[SciPy-dev] Nested arrays

Travis Oliphant oliphant.travis at ieee.org
Wed Jan 11 02:26:12 CST 2006


Fernando Perez wrote:

>Travis Oliphant wrote:
>
>  
>
>>I've committed two changes
>>
>>1) Now all object array-scalars look to the proxied object for it's 
>>mapping, sequence, and buffer behavior
>>    
>>
>
>I wonder if the scalars returned by object arrays should't just be the plain, 
>'unboxed' underlying object.  Here, I agree with Robert that object arrays are 
>special anyway, and the main purpose of using ndarrays of 'O' type is so you 
>have the convenient indexing, slicing and arithmetic syntactic support of 
>ndarrays.  I see object arrays basically as a way of 'carrying around' a 
>collection of arbitrary python objects.
>
>But having scalar indexing return an opaque proxy breaks almost completely 
>this kind of usage, because you can't get back, in a straightforward manner, 
>the things you put in the container to begin with.  This should illustrate my 
>point:
>  
>

Frankly, I'm willing to get rid of them.  I suggested that a couple of 
months ago, but a few people said that having the attributes even on 
object scalars was going to be useful, so I capitulated and just tried 
to improve the proxying...

I suppose a more thorough discussion is warranted.  I think with some 
effort one could figure out how to make it always appear that the object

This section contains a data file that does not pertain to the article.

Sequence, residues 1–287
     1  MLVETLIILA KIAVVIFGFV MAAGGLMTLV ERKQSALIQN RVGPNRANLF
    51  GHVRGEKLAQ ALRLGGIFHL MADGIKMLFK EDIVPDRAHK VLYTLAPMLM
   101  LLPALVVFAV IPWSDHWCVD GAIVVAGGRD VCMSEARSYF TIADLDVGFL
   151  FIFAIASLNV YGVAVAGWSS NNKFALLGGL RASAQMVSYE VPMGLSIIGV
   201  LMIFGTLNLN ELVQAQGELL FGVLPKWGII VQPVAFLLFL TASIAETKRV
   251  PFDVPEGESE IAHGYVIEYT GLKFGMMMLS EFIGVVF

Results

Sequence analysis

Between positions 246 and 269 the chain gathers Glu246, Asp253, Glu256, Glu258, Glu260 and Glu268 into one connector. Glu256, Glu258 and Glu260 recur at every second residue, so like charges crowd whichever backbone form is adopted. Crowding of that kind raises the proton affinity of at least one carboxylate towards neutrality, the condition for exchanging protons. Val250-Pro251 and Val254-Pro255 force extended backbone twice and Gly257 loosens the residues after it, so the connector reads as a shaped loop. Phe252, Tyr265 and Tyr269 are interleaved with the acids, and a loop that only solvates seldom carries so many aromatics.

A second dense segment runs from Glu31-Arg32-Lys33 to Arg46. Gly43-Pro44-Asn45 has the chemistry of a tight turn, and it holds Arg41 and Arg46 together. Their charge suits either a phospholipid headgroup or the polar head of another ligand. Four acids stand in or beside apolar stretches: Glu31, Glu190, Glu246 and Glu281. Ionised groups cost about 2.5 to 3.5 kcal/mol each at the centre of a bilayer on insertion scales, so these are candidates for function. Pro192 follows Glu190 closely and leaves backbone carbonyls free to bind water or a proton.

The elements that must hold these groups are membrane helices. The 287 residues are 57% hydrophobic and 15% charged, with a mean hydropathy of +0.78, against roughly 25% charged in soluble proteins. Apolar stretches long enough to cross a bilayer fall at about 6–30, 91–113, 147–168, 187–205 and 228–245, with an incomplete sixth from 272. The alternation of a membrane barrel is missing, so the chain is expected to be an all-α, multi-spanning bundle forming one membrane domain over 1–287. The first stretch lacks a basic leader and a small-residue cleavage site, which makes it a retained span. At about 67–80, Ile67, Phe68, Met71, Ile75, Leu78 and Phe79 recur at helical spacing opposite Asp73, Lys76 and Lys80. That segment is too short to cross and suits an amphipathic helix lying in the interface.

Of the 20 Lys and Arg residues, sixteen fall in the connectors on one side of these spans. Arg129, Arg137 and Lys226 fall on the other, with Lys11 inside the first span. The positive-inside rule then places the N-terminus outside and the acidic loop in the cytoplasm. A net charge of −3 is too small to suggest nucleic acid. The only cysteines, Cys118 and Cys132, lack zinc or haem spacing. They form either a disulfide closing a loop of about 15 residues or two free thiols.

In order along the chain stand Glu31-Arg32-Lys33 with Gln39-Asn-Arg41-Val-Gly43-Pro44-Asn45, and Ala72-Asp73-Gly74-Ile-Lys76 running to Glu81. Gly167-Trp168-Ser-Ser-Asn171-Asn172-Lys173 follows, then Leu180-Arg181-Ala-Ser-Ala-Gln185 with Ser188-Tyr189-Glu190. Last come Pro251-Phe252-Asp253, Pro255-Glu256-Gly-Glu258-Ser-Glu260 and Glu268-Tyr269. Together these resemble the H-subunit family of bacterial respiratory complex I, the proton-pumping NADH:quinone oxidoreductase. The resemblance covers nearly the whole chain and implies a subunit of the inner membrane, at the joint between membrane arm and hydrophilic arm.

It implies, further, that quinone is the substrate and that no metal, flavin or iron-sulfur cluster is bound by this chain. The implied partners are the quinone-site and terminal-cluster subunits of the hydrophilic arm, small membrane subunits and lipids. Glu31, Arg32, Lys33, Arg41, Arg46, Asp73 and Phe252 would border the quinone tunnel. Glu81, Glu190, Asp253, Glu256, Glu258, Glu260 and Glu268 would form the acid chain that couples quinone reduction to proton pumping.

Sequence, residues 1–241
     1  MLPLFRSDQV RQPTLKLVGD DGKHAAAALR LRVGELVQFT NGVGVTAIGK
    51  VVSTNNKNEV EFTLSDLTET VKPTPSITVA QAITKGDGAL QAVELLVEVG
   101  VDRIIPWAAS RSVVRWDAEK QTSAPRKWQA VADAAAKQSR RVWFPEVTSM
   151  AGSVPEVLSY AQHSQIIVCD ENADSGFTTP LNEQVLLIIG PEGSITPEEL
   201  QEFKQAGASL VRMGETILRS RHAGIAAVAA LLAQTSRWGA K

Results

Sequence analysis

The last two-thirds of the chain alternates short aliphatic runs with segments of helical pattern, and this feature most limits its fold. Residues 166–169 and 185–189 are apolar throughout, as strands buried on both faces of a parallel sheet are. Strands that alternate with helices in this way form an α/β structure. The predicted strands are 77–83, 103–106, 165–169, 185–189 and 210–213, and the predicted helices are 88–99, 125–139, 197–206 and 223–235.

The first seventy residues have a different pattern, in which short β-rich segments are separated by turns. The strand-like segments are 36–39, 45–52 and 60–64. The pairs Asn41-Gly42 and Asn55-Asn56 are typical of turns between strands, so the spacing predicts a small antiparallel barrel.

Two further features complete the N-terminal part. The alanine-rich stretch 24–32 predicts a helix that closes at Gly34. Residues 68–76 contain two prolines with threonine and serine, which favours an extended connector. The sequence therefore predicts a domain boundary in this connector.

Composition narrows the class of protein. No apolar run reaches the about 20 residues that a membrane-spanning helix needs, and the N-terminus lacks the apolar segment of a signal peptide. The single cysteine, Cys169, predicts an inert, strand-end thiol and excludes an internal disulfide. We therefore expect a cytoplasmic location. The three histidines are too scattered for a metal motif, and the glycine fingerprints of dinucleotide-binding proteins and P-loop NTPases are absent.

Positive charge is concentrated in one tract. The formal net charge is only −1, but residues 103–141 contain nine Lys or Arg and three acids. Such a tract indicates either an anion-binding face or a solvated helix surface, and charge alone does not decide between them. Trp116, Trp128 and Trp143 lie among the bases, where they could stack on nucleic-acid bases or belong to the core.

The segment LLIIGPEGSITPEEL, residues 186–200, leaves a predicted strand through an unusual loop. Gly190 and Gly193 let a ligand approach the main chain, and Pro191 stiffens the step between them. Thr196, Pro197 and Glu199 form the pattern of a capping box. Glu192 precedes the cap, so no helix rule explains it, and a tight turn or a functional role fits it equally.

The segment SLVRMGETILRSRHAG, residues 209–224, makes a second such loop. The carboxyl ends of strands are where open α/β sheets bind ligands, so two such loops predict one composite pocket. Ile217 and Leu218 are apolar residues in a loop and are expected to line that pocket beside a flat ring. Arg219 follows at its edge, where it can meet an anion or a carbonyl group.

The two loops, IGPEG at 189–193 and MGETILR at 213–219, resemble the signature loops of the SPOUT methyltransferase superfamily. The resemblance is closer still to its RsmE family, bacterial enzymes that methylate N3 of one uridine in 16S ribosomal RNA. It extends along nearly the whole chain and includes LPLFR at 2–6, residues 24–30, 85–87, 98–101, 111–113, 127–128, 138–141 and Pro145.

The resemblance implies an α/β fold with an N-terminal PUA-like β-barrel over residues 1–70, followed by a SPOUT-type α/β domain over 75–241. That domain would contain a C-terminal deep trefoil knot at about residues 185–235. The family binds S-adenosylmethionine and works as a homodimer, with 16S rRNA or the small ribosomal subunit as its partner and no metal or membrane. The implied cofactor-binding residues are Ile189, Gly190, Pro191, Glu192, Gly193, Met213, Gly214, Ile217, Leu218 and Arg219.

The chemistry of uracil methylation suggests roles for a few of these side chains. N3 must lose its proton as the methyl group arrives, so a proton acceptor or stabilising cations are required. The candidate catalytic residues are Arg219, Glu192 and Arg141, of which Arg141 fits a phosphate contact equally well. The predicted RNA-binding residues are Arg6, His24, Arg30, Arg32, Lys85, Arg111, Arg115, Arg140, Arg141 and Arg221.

array-scalar type is the actual underlying object but now with the 
attributes of arrays.

Repeat your example with a new-style class, to see what you get however.

In [1]: from scipy import *

In [2]: x = empty(2, object)

In [3]: class foo(object):
   ...:     def hi(self):
   ...:         return 'hi'
   ...:

In [4]: x[0] = foo()

In [5]: x[1] = foo()

In [6]: x[0].hi()
Out[6]: 'hi'

In [7]: x[0]
Out[7]: <__main__.foo object at 0x47ff345c>

In [8]: isinstance(x[0], foo)
Out[8]: True

In [9]: type(x[0])
Out[9]: <type 'object_arrtype'>


So, at least with new-style classes we are getting something useful.  
Notice that also

In [10]: x[0].shape
Out[10]: ()

In [11]: x[0].strides
Out[11]: ()

In [12]: x[0].flags
Out[12]:
{'ALIGNED': True,
 'CONTIGUOUS': True,
 'FORTRAN': True,
 'OWNDATA': True,
 'UPDATEIFCOPY': False,
 'WRITEABLE': False}


So, I'm still undecided.  Perhaps we can figure out why old-style 
classes aren't working this way...

-Travis






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